Smashproof's single 'Brother' was released ten years ago. What does the group think of their single now?

I’ve got questions in my mind: Smashproof’s ‘Brother’, 10 years on

Ten years ago, Smashproof released ‘Brother’, the song that swiftly became the longest running number one by a New Zealand act. Jogai Bhatt talks to the band about the impact of the song then, and what it means to them today.

I remember it like it was only ten years ago. I’d recently made the shift from year 7 to year 8 in a seamless and dignified manner. My soul brother and local legend Drew Neemia was in the midst of making a similar move, in a professional capacity – rebranding for an older crowd and leaving behind the childish antics of Sticky TV to host C4’s popular music show Vodafone Select Live.

This era of New Zealand music – and particularly New Zealand music on television – is as clear to me as ever. Recording ‘Think Twice‘ off a flip phone; pretending emotional NZ Post ads didn’t get to me; waiting for my sweet ghetto flower to bloom. There were some solid moments. But none were so beautiful, so poignant, so impactful to me as Smashproof’s breakthrough hit ‘Brother’.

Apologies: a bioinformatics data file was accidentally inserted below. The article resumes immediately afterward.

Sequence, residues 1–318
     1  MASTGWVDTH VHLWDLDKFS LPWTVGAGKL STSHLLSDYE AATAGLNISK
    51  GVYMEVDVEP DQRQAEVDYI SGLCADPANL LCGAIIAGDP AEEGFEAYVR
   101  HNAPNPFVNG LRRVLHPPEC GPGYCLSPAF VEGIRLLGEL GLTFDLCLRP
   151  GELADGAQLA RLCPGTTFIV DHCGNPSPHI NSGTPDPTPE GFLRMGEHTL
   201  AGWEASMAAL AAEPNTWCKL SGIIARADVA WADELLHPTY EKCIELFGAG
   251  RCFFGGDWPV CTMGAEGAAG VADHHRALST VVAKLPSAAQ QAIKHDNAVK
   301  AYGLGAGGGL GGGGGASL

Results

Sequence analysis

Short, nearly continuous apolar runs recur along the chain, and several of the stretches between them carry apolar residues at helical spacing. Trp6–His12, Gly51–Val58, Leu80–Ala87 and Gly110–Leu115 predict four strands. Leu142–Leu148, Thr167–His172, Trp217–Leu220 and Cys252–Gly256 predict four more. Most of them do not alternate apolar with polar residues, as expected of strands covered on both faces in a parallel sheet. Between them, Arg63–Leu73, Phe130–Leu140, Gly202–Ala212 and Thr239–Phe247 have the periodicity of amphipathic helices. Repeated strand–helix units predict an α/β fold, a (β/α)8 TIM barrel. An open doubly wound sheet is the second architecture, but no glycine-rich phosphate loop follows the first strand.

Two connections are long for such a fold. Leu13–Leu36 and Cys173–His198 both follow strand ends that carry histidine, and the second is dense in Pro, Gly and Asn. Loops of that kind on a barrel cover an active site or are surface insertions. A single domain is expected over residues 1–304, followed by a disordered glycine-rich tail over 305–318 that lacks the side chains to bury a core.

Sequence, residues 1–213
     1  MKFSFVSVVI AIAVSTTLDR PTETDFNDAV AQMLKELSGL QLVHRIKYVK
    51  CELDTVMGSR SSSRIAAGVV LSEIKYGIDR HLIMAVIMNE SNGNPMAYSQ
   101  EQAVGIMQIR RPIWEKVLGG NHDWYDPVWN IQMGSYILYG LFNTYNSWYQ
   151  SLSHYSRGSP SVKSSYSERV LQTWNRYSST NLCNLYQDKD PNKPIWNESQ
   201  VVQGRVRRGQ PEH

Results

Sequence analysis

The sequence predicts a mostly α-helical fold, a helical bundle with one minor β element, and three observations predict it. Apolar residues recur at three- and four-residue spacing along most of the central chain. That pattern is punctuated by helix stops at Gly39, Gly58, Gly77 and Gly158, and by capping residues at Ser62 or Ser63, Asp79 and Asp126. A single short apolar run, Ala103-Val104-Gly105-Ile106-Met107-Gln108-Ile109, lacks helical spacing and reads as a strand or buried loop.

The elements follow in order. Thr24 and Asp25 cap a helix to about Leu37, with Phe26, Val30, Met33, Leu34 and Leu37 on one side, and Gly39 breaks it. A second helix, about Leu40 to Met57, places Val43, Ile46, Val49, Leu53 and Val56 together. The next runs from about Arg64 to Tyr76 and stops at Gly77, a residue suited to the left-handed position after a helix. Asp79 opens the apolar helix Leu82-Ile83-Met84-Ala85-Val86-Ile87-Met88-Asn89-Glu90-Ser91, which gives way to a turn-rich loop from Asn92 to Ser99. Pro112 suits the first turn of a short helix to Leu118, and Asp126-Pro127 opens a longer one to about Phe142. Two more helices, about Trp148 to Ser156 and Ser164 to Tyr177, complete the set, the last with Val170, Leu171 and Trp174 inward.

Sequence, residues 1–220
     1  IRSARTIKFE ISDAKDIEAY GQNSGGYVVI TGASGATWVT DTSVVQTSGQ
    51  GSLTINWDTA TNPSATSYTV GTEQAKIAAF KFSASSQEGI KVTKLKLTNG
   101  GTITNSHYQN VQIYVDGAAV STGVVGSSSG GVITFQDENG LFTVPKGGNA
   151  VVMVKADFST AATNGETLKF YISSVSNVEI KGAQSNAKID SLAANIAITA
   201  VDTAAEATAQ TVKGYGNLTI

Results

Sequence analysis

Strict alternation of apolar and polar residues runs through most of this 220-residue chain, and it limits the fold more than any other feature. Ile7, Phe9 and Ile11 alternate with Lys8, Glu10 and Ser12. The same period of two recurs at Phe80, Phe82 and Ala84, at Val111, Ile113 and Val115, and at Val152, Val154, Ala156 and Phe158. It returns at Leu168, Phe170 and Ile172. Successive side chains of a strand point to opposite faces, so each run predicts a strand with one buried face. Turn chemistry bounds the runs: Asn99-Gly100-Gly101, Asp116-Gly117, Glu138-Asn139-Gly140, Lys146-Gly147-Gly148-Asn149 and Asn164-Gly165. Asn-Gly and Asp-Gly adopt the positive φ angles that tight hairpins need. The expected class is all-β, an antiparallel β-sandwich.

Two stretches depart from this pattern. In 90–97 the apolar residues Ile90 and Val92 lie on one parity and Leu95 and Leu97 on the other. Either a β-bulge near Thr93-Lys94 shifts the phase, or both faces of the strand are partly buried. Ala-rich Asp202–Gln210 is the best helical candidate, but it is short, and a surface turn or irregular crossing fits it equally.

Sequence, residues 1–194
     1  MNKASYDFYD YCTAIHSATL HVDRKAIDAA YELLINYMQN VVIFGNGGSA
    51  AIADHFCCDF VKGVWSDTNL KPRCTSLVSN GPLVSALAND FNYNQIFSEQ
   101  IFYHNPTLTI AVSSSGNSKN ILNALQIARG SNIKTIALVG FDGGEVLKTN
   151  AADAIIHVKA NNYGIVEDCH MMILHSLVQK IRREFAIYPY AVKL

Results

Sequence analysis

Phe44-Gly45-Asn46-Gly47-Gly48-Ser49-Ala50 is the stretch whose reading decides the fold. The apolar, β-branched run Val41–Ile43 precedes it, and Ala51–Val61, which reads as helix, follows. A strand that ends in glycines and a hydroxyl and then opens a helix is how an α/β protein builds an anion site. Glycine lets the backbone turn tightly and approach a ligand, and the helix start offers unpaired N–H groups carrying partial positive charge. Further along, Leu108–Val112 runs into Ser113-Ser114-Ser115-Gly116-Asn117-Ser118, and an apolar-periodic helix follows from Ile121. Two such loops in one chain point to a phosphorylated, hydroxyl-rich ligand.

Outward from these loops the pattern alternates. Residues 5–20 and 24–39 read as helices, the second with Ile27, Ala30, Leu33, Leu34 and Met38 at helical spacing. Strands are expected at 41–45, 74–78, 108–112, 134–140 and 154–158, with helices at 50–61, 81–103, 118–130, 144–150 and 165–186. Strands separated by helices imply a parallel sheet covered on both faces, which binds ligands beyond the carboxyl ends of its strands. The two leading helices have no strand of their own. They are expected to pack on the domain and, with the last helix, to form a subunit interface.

The track, which featured Gin Wigmore singing the hook, charted at number one for 11 consecutive weeks in 2009, and stayed on the charts for 29 weeks. ‘Brother’ still holds record for the longest-running number one by any New Zealand act, and it’s a record that probably won’t ever be broken.

But ‘Brother’ wasn’t just important for its chart dominance or reach. The track was groundbreaking for the story depicted on screen – a re-enactment of the moment South Aucklander Pihema Cameron was caught tagging, shortly before he was stabbed by Bruce Emery.

‘Brother’ shined a light on issues of discrimination, privilege, justice and the often warped portrayal of South Auckland in the media. Ten years after the mammoth track debuted and effectively transformed the landscape of New Zealand music on screen, I hung out with the group at their recording studio in Eden Terrace to talk about how the track came together, and what it means to them today.